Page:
From there, we moved on to the War on Terror. Boxer expressed her desire to withdraw our troops and "reduce our presence" at the best possible time, perhaps after the next Iraqi election. She defined us as "facilitators", not "occupiers" and emphasized that we need to "clearly articulate an exit strategy", as "we don't have a right to be there". Fiorina rebutted and said that while she agreed that troops need to be withdrawn, our presence in Iraq is "not necessarily a bad thing". She added that the world knows us for our "military presence" and that it is up to Iraq to decide when they do not need us anymore, as we are being used as a security force. Senator Boxer disagreed and remarked that leaving it up to the Iraqi people was not the way to go while adding that we are always defending other nations. "We cannot always be the crutch," she said, which is quite true. We cannot hold the hand of other nations and lead them along forever. Fiorina had mentioned that we are known as a "world policing force" of sorts and Boxer simply asked "Why? Why do we meddle?"

It was here that Fiorina took another uncalled for jab at Boxer, calling her "narrow-minded", for reasons I'm not entirely sure. While I will not mention Fiorina's previous bigoted remarks about same-sex marriage (oops, did I just say that?), I do not think that Senator Boxer is at all being narrow-minded about the situation in Iraq. If she was, she would be insisting that all troops must be withdrawn right now because we shouldn't be there and any other solution is completely wrong. Ms. Boxer has analyzed the situation and decided that our time in Iraq is coming to an end, so we should start pulling out as we see fit. It's not as if she did not consider the advantages and disadvantages of both sides.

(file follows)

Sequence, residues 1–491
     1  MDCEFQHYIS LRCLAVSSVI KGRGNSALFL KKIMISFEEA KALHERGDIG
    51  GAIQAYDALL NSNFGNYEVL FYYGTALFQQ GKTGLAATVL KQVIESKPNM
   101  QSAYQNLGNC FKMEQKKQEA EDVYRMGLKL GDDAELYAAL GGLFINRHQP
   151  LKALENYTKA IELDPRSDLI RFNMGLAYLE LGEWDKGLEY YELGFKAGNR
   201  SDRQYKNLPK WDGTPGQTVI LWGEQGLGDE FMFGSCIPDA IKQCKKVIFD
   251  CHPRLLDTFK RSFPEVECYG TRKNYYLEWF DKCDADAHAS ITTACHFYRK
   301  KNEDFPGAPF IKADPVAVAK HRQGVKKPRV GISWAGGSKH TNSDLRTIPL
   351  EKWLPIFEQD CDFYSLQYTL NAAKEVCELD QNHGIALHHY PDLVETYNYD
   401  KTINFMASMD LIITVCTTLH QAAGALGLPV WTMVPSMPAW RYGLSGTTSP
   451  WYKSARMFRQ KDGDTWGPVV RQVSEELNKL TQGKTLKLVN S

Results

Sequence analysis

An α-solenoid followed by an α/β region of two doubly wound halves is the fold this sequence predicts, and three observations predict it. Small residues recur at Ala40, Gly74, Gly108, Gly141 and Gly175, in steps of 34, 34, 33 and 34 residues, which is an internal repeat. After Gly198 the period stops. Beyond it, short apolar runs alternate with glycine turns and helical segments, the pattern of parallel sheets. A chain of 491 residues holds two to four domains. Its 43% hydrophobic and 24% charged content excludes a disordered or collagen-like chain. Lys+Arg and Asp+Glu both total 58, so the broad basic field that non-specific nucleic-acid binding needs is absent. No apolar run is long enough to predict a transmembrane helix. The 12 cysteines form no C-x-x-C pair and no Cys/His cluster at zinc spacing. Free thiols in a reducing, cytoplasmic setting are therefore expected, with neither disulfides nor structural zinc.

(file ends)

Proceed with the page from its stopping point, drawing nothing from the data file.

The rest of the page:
China, in recent years, has been flourishing in its economy and is ranked second in the world behind the United States. Ms. Boxer reiterated her belief from previous discussion on the economy that the United States needs to focus at home and new jobs need to be created in California. Fiorina, on the other hand, asserted that China is the leading economic power in the world and that we should follow their example. (As expected from someone who shipped thousands of jobs there...) She parroted Boxer and said that we need to focus on jobs but also added that regulations are too strict and that we need to create a favorable business climate. Senator Boxer agreed with Fiorina and also expressed her desire to punish businesses that ship jobs overseas and give incentives to those that keep jobs here and "keep American money here".

The debate ended on a fairly civil note with the issue of nuclear power in Iran. The two candidates simply threw the ball back and forth, agreeing that such power in the hands of Iran is dangerous. Fiorina said that negotiation has not been making progress and that Iran has been defying international protocol, so we must take a "staunch stance" and "pressure [Iran] diplomatically and internationally". Boxer emphasized the need for sanctions on Iran to "better protect ourselves" and affirmed that the United States backs the actions of the United Nations regarding nuclear proliferation. She also proposed legislation be passed to punish companies that are benefiting from helping Iran with the expansion of nuclear energy. And I will just add that while Boxer was working to extend sanctions on the nation, Fiorina was presiding as CEO of a company that was using intermediary shell companies to bypass laws preventing sales to Iran.

There are many that support Carly Fiorina to be the next California senator; Karl Rove and Sarah Palin are just two of those many. I, however, do not. As Republican House representative Tom Campbell said, "California voters are not buying that a failed CEO can be an effective U.S. Senator." I don't buy into it at all. Even Tea Party gubernatorial candidate Chuck DeVore does not think Fiorina would be a good senator, considering that she has been "silent on all of California's major political battles of the past decade". He has also said that "Fiorina will do what she always does: deny knowledge despite having been a famously micromanaging and bottom-line-oriented CEO. Now that she aspires to Constitutional high office, she owes Californians -- and herself -- something more. It's the one thing we have yet to see when she addresses her rocky and increasingly questionable corporate past: honesty." As The Economist commented earlier this year, "her grasp of governance issues is superficial".

All in all, it was a brilliant debate that showed where each candidate stood on the issues. I feel that it definitely showed that Carly Fiorina is not the right choice for California. Boxer dominated each topic with clear rhetoric and decisive solutions and came out the obvious winner in this ring fight.

Boxer 1, Fiorina 0.